After more than a dozen trips to London, I’ve only visited Hyde Park once. Last summer, I was on a mission to find a particular Hyde Park sculpture – the Animals in War memorial. It was erected in 2004 but I only read about it in 2009. The article included photos, so I knew what it looked like and had a rough idea of its size but not the exact location. I’d seen War Horse (the play, NOT the movie) in London the previous year and it moved me deeply, so maybe that was why I wanted to find this, one of the newest additions to the park.
A huge green space of two conjoined parks sits in the center of the city; the western section is Kensington Gardens, surrounding Kensington Palace. The eastern section, more than half the total area, is Hyde Park. My Bayswater hotel was only a couple of blocks from the northwest corner of Hyde Park, making that a natural starting point. Dozens of paths crisscross both parks connecting gates, fountains, snack bars, buildings and monuments. The paths are straight, but so many converge at these various points that it’s easy to wind up somewhere other than your original destination. Normally, I wouldn’t care if I wound up someplace different but this time I didn’t want to walk in circles (something I did last spring trying to cut through Central Park!) because I really wanted to find Animals in War.
The fountains in the manicured garden in front of the Italianate Pump House just inside the gate sprayed tall blooms of water that sparkled in the bright sunshine at the northern end of the narrow pond called Long Water. The pond flows south, eventually curving east, forming a boomerang shape and changing its name to the Serpentine.
On this weekday, large numbers of people were taking advantage of the weather. School was out. Children, and a few geese, splashed barefoot in the Princess Diana memorial fountain on the south side of the Serpentine. A dozen or so mounted riders, possible part of the Queen’s Household Cavalry, practiced their routines on a bare patch of ground not far from the fountain, great clouds of dust rising from the horses’ hooves because of the unusually hot, dry weather.
After almost two and a half hours, I had covered most of Hyde Park with no sign of the memorial I searched for. I asked for directions at the Wellington Arch information desk; they told me the memorial was up near Marble Arch, at the northeast corner of the park. I had done a complete counter-clockwise circuit of Hyde Park. If only I’d gone clockwise but how was I to know? A better map might have helped. Aah, 20-20 hindsight and all that.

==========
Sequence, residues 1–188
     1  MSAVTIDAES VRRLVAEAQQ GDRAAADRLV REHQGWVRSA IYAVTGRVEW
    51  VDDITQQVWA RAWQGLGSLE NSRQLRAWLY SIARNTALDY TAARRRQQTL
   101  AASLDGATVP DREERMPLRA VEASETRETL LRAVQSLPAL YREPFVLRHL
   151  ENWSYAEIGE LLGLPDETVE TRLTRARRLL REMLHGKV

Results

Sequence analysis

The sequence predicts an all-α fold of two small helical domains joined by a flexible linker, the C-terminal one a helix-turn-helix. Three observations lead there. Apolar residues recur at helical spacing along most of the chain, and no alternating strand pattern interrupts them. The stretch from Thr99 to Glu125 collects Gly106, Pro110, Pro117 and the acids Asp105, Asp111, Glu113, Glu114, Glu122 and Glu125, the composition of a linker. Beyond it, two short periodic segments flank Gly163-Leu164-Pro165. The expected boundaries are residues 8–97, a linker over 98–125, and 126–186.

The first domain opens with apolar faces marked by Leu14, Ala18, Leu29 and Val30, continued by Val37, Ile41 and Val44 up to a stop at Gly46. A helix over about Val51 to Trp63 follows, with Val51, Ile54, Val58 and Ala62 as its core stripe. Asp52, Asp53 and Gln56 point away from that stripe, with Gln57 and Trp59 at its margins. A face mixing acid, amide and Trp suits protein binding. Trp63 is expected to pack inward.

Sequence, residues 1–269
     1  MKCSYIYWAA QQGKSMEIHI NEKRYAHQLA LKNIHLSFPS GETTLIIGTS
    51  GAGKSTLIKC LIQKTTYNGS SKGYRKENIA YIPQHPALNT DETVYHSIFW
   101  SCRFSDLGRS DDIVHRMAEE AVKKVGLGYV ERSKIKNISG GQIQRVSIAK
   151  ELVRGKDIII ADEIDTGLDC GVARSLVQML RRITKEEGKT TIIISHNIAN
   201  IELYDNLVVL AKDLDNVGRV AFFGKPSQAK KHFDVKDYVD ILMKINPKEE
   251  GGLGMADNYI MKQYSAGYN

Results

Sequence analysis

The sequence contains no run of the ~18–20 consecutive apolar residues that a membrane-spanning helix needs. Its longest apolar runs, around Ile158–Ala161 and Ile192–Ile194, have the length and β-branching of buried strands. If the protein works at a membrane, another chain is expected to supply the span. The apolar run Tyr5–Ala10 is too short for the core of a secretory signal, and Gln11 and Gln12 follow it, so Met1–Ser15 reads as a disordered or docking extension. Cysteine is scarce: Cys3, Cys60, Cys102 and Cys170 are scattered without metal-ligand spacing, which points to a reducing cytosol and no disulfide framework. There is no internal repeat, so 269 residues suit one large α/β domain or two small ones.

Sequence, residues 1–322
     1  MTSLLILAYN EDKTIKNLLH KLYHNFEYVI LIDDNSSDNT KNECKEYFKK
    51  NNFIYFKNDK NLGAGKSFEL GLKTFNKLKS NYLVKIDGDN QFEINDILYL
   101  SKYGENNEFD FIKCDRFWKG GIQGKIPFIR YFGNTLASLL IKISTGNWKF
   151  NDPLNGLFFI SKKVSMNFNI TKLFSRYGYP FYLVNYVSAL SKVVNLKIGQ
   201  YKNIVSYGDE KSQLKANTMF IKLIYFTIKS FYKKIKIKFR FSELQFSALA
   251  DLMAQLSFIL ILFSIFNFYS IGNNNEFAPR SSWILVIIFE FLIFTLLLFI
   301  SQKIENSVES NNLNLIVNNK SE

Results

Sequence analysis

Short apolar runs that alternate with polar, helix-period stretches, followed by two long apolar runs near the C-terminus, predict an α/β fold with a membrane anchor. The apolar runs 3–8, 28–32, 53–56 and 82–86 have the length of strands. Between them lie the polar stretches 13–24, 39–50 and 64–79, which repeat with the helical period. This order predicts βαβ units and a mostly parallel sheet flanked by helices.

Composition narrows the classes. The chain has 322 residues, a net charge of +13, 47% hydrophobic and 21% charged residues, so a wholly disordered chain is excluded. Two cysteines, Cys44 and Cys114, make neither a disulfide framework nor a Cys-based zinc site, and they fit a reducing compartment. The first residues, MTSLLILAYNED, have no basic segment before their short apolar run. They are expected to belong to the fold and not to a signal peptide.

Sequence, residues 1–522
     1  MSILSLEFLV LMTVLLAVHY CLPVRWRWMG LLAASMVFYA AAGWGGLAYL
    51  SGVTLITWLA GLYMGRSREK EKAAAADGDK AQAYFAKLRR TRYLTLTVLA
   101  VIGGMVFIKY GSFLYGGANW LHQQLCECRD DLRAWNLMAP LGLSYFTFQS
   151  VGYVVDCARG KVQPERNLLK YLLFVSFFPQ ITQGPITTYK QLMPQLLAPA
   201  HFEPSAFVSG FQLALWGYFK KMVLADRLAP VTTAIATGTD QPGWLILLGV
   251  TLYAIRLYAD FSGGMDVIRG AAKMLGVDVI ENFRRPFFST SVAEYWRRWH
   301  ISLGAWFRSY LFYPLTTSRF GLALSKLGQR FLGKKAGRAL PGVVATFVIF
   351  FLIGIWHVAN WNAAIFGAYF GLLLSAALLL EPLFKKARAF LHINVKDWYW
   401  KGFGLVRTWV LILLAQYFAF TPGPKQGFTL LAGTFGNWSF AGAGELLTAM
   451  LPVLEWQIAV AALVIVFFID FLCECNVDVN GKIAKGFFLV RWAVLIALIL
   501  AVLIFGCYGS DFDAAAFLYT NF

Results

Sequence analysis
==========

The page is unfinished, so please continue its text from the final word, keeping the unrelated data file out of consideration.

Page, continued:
There was an even newer monument to see about halfway up Park Lane. This memorial to the 52 victims of the July 7, 2005 London bombings was added in 2009 and because one of the bombs had exploded on a bus across from one of my favorite hotels, I took a quick look. Squared stainless steel columns form a rectangular grove, each column 11 feet tall and marked with a victim’s name and bomb location. The columns are arrayed in neat rows with barely enough room to walk between them. Cut flowers, some fresh, some fading, were piled on the ground near the columns.
At the Marble Arch traffic signals, I looked towards the park, still expecting to find what I was looking for there. Then I looked across the street. Finally! The Animals in War memorial occupies part of a traffic island, of all places. I hit the crossing button and scurried across the traffic lane. A concave limestone stone wall is split into two segments flanking a narrow space that allows passage to the other side. A cavalcade of animal species used in wartime marches in relief across the surface of the wider wall – camels, elephants, horses, dogs and pigeons. Two bronze pack mules, weary and overburdened, embraced within the curve of the wall, trudge toward the steps they must climb to reach the open space. The wall is stark white; even the words are part of the stone, rather than contrasting metal. The summer sunlight beating on the stone appeared to transform the space into desert. The memorial’s title and other words are on the right-hand wall, ending with the tragic phrase ‘THEY HAD NO CHOICE’.
If you walk through the opening, you will join a two-animal queue. A sturdy bronze draft horse trots away from the wall, perhaps finally on his way home. A dog pads along at the horse’s heels, looking back towards the wall, one paw raised, watching for the mules to come through the gate. The horse and the dog have ‘made it’, heading down the gentle slope to the cool shade of the trees. This ‘back’ side of the wall carries the names of the sculptor, designer and others responsible for the memorial.
The memorial is overwhelmingly poignant and troubling: we still use animals to do our dirty war work. Their skills make them perfectly suited for tasks that humans cannot do easily, but the fact that we use them at all illustrates our willingness to value their lives below our own.
At first, I thought placing the monument on a traffic island was disrespectful, though there may have been a simple explanation for the location. Then I decided that it was a good spot. This memorial will be seen by many more people daily than if it stood inside the park. It deserves to be seen by as many as possible, as often as possible. It is a constant reminder that we can make the choices that these animals cannot; choices about waging war, about the value we do (or don’t) place on other inhabitants of the planet, human or otherwise. Next time you’re in London, put this monument on your must-see list and carry a map that shows its location, unless you’re up for a three hour walk.